The prevailing expectation is for nonprofit leaders to independently bootstrap together just enough operational supports to get by, but we think this is beginning to change. More high-quality operational capacity is being accessed through shared back-office services, including:

  • Management support organizations offering operational services, including accounting, and database management, in support of many nonprofit clients 
  • Comprehensive fiscal sponsors allowing mission-aligned organizations to engage in financial, human resource, and other established services and systems 
  • Contracting structured for multiple organizations to access the time and expertise of the same external service providers or a staff member with capacity (for example, a part-time employee who becomes a full-time employee with time shared between 2 organizations)

While we’re excited by this trend, we notice that these shared service strategies are not accessible for all organizations because they require nonprofit leadership to have:

  • Insight about their organization’s operational needs and capacities
  • Money to explore and define these new relationships and pay for services received
  • Connections with advisors, service providers, and potential partner organizations, who also must have money, insight about operations, and connections

and most importantly,

  • The power to be able to honestly name operational needs and to experiment with new ways of doing things.

Money, insight, connection, and power are not held by all nonprofit leaders and we recognize that this is especially true for BIPOC, immigrant, low-wage executive directors and board members who are systemically excluded and oppressed by dominant nonprofit and economic structures. This leads us to wonder, what can be done to increase access to operational capacity for all organizations?  

We see a new role for philanthropy, one where…

  • Funders take it as a sign of strength, not ineffectiveness, when a nonprofit leader admits that they can’t do it all and that their organization is better served through external operational support
  • Funders recognize that nonprofit innovation, including operational innovation, requires seed funding, and 
  • Funders increase their investment in organizational capacity building through funding operations

In the private sector when an entrepreneur seeks funding from investors, the deal often includes the provision of advice and guidance, relationships and connections with service providers and distribution partners, and sometimes an entire management team – in addition to money. Investors recognize that they have a stake in the organization’s success and solid operations are integral to that success.

Nonprofit funders could provide similar supports including connections to service providers and centralized turnkey operational systems. This would look like: 

  • Foundations offering comprehensive fiscal sponsorship and/or options for grantees to engage in centralized management support services 
  • Funders offering connections to trusted service providers to rapidly move organizations through start up and growth while ensuring compliance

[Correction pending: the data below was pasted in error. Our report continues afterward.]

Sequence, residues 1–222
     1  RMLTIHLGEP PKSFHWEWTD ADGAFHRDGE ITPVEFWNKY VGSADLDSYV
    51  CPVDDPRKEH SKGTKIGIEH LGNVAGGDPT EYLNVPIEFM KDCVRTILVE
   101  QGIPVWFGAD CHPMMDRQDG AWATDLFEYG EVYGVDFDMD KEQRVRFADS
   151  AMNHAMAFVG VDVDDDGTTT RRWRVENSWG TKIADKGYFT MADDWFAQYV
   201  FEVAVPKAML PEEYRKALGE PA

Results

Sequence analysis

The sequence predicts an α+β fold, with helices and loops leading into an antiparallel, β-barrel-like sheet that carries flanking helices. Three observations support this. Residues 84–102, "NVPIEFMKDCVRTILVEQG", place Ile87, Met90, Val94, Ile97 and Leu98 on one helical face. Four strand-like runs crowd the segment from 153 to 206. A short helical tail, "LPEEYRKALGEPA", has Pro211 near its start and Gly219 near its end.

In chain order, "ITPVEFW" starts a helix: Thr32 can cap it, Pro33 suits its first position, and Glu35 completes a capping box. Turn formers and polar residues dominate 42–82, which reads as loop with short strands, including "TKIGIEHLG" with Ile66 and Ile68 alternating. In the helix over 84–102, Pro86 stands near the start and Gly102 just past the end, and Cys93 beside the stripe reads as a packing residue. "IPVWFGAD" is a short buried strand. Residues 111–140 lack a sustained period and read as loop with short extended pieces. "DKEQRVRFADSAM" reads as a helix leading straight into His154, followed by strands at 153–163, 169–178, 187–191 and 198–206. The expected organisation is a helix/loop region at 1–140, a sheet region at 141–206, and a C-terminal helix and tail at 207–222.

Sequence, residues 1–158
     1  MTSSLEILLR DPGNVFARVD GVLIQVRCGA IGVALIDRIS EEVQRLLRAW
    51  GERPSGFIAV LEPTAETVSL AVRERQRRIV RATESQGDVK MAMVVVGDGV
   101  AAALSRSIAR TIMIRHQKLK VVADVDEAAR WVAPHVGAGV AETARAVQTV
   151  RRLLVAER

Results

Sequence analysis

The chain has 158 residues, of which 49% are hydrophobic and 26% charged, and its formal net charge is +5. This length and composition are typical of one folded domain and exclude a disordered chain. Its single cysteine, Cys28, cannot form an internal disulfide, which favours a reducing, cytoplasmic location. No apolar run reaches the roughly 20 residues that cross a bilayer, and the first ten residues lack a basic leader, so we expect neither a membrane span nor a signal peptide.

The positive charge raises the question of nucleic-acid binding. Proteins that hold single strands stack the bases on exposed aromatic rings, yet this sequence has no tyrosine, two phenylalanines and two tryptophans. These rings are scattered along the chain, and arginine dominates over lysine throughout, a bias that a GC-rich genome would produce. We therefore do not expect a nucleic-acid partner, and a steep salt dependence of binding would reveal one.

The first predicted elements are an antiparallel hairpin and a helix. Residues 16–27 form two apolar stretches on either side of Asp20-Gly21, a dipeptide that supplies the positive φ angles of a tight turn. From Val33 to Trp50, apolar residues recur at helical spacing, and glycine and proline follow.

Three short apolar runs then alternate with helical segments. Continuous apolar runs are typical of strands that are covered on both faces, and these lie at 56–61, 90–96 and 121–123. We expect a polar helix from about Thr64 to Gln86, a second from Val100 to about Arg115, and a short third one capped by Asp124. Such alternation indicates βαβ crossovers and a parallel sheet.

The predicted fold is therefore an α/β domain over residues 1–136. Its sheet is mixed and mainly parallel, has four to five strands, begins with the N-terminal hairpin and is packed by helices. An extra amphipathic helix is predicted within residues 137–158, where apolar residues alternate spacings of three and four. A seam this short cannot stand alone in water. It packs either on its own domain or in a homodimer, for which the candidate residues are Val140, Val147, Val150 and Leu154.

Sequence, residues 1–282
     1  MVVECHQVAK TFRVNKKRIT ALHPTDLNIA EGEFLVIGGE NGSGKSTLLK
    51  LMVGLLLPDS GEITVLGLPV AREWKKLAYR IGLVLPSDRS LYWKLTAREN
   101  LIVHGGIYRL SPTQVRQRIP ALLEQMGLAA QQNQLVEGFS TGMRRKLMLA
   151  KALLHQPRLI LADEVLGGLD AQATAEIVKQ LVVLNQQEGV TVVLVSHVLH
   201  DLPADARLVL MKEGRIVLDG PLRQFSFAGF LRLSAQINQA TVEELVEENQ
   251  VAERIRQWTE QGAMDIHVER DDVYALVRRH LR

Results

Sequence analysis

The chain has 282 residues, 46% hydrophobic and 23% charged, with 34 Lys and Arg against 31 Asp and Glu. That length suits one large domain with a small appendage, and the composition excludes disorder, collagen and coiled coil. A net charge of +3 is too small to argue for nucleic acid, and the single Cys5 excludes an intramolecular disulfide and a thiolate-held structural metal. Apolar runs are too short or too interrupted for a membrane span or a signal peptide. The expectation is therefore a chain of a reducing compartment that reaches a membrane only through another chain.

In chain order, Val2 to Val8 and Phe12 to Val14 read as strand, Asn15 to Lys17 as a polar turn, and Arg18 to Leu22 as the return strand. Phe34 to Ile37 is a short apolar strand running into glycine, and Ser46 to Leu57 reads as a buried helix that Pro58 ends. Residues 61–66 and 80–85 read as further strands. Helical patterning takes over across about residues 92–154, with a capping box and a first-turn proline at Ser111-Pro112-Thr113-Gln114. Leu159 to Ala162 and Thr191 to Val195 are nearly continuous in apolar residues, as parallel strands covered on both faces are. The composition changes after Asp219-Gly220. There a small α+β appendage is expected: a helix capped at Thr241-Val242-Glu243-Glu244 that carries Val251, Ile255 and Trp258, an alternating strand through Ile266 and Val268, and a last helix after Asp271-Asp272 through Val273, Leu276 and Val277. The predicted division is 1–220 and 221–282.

• Guidance, advice, and supports that increase all nonprofit leaders’ knowledge of operations and expand their power to explore alternative strategies to build capacity

In these ways, funders have potential to address the inequities that limit access to shared service strategies, while increasing operating capacity for all. 

This article is part of a series, based on conversations between Jackie Cefola and Debra Box about nonprofit shared services and related topics. 

Jackie Cefola, principal of Jackie Cefola Consulting, is a trusted advisor to nonprofit leaders who are starting up new collaborations, often related to shared services. Debra Box, principal of In the Box Consulting and former President and CEO of Support KC, where she helped nonprofit organizations to focus on their missions by providing integrated expertise in financial management and support services.

Using Key Performance Indicators to Communicate the Complete Story 

Keeping strategic plans alive and vibrant requires that planning be an on-going process and not just a static document that gets dusty on a shelf. Strategy, including operational strategy, needs to percolate throughout the agency’s culture, policy, and expectations.  

Expectations are expressed by creating meaningful measures of success. Meeting and exceeding expectations validate the measure, while consistently falling short of measures indicates a need to re-evaluate targets and make future course adjustments.

These measures of success, Key performance indicators (KPI’s), are needed to monitor programs and operational capacity. Program KPI’s are specific to the agency’s mission and programs and measure what’s unique and effective about the organization’s purpose and community impact. Operational KPI’s are expressed more generally and can sometimes be shared across agencies. They become the backbone measures of capacity, ability to scale, and resiliency.

Below are some examples of operational KPI’s. Please keep in mind that not all these measures will be meaningful to every agency and that the targets for these measures will vary depending on an organization’s financial model, budget size, organizational structure, and the agency lifecycle. For example, nonprofits that have a high reliance on earned revenues (generated by providing goods or services), may target a lower number of months of cash reserves than nonprofits that have a heavy reliance on foundation revenues because they may have more control over the timing of their earned revenue streams.